"Rodrick Williams Jr.'s 10-month old, 2-foot-long savannah monitor named "Kill" gets the RB some strange looks when they go for walks together."
[Ed: commenter wile_e8 makes a great suggestion: check out the earlier ND Check Yo' Self Picture Page for everything Michigan wasn't doing against MSU.]
One of the main issues with Michigan's offense was an inability to adjust to Michigan State's constant double-A-gap blitzing. BWS has an example where it ate up a Smith run; this post has two more focused on the precise timing MSU used to shoot into the backfield untouched on multiple plays.
Two plays in this one. The first is actually a 25-yard run on Michigan's first drive on which Vincent Smith breaks a tackle when the WLB gets too far upfield. It would be a disturbing omen.
It's second and one; Michigan is in a three-wide shotgun set and MSU in the 4-3 they'd run all day. Don't bother screaming that the bubble is open.
All right, so Molk starts to put his head down; when it comes back up he snaps immediately.
Molk's head starts down…
And by the time it's completely down Allen is nearing the LOS.
Bullough is next; the blitz seems like it is designed to have Allen pick off Molk while Bullough gets a free run:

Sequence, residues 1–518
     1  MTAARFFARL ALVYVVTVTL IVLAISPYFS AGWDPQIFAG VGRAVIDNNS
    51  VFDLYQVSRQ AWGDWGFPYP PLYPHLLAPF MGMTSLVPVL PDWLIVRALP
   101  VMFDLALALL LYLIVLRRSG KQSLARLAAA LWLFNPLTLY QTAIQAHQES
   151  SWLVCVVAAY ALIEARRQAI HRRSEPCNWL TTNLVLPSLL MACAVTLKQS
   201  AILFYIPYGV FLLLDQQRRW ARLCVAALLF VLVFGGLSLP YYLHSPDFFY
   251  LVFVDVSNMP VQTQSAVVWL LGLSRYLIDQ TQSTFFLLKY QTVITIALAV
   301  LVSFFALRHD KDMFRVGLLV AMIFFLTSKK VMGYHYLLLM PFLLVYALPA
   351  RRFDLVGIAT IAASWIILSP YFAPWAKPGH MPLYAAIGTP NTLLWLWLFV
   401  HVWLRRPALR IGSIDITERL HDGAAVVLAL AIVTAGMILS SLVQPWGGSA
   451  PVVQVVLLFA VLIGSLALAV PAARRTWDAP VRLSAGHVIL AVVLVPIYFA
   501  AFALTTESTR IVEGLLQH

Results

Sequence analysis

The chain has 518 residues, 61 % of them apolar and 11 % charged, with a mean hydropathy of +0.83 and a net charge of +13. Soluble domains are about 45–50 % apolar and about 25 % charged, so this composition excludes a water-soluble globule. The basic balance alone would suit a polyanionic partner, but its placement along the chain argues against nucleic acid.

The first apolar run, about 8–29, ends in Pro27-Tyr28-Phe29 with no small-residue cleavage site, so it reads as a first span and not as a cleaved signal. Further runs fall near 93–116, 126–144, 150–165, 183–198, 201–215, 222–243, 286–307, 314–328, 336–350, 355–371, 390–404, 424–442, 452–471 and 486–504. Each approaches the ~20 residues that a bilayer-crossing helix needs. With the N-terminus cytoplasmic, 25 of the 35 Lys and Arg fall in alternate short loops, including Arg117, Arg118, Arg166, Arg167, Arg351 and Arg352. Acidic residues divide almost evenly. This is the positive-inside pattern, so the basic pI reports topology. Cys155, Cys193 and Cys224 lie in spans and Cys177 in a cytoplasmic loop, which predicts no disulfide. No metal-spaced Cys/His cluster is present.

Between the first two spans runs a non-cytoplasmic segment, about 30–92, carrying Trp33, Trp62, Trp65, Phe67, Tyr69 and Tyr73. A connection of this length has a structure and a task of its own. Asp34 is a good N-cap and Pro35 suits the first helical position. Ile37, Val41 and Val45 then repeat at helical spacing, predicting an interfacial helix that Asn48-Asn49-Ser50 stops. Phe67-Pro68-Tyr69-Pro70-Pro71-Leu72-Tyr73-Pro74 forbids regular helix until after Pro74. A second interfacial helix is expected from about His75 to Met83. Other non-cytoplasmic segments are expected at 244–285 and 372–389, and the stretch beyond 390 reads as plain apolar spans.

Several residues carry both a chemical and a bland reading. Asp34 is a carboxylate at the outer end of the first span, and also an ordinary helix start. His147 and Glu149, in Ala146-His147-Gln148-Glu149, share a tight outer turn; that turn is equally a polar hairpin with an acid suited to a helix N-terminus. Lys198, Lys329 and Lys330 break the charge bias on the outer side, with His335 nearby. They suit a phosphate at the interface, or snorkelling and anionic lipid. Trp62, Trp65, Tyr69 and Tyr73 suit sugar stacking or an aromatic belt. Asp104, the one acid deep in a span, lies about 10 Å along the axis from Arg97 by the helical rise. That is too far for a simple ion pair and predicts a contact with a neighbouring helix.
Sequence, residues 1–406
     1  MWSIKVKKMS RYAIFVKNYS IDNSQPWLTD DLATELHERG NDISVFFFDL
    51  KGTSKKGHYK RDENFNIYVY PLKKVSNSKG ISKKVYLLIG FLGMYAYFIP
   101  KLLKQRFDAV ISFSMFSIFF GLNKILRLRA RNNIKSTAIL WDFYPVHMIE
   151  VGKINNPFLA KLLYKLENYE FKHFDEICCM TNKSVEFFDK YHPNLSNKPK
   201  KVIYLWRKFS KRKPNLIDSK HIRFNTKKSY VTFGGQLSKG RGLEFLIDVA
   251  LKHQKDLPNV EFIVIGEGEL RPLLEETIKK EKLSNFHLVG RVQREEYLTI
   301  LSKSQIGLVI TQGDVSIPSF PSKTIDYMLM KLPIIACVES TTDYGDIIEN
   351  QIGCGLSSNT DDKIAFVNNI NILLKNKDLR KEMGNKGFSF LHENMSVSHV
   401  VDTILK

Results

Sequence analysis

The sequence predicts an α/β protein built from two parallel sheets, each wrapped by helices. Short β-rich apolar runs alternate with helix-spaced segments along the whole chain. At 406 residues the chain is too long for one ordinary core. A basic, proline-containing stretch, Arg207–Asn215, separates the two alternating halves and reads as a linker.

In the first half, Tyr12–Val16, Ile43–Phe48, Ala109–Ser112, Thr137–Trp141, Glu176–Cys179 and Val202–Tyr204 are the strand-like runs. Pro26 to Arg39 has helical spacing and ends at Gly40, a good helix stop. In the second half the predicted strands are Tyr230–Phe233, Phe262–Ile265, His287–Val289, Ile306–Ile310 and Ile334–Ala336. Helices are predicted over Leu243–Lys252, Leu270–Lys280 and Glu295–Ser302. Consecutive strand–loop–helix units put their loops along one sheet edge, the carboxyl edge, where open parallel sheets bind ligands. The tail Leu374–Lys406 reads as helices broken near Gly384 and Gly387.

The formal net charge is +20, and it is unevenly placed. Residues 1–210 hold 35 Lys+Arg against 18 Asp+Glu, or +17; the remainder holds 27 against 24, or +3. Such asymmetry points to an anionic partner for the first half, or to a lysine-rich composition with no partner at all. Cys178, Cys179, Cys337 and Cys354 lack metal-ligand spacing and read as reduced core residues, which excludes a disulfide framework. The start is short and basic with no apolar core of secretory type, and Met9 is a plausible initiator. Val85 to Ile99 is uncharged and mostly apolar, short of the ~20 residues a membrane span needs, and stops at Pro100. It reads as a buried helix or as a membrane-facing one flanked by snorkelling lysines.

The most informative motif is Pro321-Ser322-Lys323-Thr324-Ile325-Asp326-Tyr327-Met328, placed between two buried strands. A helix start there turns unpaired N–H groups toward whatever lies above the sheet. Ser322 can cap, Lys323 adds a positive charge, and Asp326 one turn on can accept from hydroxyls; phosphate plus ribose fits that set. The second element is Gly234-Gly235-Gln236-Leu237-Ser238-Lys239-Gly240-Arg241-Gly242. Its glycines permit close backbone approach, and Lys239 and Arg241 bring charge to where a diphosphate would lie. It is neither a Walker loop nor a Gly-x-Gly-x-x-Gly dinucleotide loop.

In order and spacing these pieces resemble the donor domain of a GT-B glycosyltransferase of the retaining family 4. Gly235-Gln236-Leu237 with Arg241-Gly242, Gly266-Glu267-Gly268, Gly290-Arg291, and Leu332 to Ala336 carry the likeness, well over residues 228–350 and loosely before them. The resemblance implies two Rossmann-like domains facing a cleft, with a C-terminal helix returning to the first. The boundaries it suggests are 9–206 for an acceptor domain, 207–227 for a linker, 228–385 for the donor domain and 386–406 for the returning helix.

But Molk snaps the thing so quickly that he doesn't even get his head up before the play. Instead of blocking Allen he goes to double the playside DT. He does not see the blitz at all:
Allen is through untouched.
Schofield actually does a nice job to adjust and kick out Bullough, giving Smith a crease when he breaks the tackle.
So that's a problem. Michigan endures another half-dozen of these throughout the game, gets the ball back down seven with under five minutes left, and comes out empty.
Molk head down, Molk head up…
…instant snap with two LBs running straight up the middle of the field. This time Molk does block Allen; Schofield does not slide over to get Bullough, which would put someone else through but someone else not running up the middle at the snap.
Denard throws a slant; Smith runs a hitch. Ballgame.
Video of that:
The timing of the snap is the same, the result different.
So what's going on here?
While some of the timing issues may have been playclock related, neither of these are. Michigan snaps the ball with around ten seconds left on the first play and while there is no playclock listed on the second it was the first play of a drive and I don't remember being upset about getting the play in. This is just… like… voluntary.
Once or twice Michigan did go to longer counts and got the opponent to jump, but one of those was a hard count from under center. The fact that they could get the jumps meant MSU was timing the snap; the fact they could continue into the fourth quarter meant Michigan was using the long counts too infrequently. Michigan
- consistently tipped their snap count
- never motioned for the snap to reveal what the defense planned
- didn't even bother to pause after Molk got his head up so he could evaluate the guys coming hell-bent up the middle of the field
- did not check out of plays
- did not execute what looks like a hot read here
This is not a toughness issue. Air cannot block people even if you're the Clint Eastwood State Fightin' John Waynes. It's an inability for Michigan to deal with a simple, grandiosely unsound defense that leaves simple throws in the middle of the field wide open*.